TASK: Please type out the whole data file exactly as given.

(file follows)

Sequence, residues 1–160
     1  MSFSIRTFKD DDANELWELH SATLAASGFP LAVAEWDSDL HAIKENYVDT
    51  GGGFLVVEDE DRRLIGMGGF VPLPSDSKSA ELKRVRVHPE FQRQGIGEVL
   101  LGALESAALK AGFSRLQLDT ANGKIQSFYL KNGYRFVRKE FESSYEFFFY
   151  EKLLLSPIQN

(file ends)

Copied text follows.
Sequence, residues 1–160
     1  MSFSIRTFKD DDANELWELH SATLAASGFP LAVAEWDSDL HAIKENYVDT
    51  GGGFLVVEDE DRRLIGMGGF VPLPSDSKSA ELKRVRVHPE FQRQGIGEVL
   101  LGALESAALK AGFSRLQLDT ANGKIQSFYL KNGYRFVRKE FESSYEFFFY
   151  EKLLLSPIQN